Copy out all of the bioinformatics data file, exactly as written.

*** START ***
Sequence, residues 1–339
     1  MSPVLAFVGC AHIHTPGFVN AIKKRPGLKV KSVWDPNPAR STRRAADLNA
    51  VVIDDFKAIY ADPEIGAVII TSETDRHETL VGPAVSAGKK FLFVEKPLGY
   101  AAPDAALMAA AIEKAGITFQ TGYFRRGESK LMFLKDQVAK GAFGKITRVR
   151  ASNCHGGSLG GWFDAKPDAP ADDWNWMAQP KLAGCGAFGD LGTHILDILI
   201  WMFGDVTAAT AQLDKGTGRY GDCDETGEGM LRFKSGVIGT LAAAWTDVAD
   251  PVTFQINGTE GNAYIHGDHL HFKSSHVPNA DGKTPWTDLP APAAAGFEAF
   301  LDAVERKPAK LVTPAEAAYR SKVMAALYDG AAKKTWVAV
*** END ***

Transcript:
Sequence, residues 1–339
     1  MSPVLAFVGC AHIHTPGFVN AIKKRPGLKV KSVWDPNPAR STRRAADLNA
    51  VVIDDFKAIY ADPEIGAVII TSETDRHETL VGPAVSAGKK FLFVEKPLGY
   101  AAPDAALMAA AIEKAGITFQ TGYFRRGESK LMFLKDQVAK GAFGKITRVR
   151  ASNCHGGSLG GWFDAKPDAP ADDWNWMAQP KLAGCGAFGD LGTHILDILI
   201  WMFGDVTAAT AQLDKGTGRY GDCDETGEGM LRFKSGVIGT LAAAWTDVAD
   251  PVTFQINGTE GNAYIHGDHL HFKSSHVPNA DGKTPWTDLP APAAAGFEAF
   301  LDAVERKPAK LVTPAEAAYR SKVMAALYDG AAKKTWVAV